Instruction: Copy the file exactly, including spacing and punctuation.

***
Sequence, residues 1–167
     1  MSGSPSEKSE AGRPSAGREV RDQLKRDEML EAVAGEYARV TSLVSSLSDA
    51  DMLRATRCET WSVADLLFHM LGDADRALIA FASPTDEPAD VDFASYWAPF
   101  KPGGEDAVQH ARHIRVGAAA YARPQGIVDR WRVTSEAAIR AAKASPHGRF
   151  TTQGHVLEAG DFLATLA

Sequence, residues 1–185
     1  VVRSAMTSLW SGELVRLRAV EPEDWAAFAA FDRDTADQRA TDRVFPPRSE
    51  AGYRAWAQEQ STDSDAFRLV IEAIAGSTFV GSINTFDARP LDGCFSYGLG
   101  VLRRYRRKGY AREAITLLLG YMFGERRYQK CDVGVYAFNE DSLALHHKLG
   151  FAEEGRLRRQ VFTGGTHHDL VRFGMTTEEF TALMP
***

Sequence, residues 1–167
     1  MSGSPSEKSE AGRPSAGREV RDQLKRDEML EAVAGEYARV TSLVSSLSDA
    51  DMLRATRCET WSVADLLFHM LGDADRALIA FASPTDEPAD VDFASYWAPF
   101  KPGGEDAVQH ARHIRVGAAA YARPQGIVDR WRVTSEAAIR AAKASPHGRF
   151  TTQGHVLEAG DFLATLA

Sequence, residues 1–185
     1  VVRSAMTSLW SGELVRLRAV EPEDWAAFAA FDRDTADQRA TDRVFPPRSE
    51  AGYRAWAQEQ STDSDAFRLV IEAIAGSTFV GSINTFDARP LDGCFSYGLG
   101  VLRRYRRKGY AREAITLLLG YMFGERRYQK CDVGVYAFNE DSLALHHKLG
   151  FAEEGRLRRQ VFTGGTHHDL VRFGMTTEEF TALMP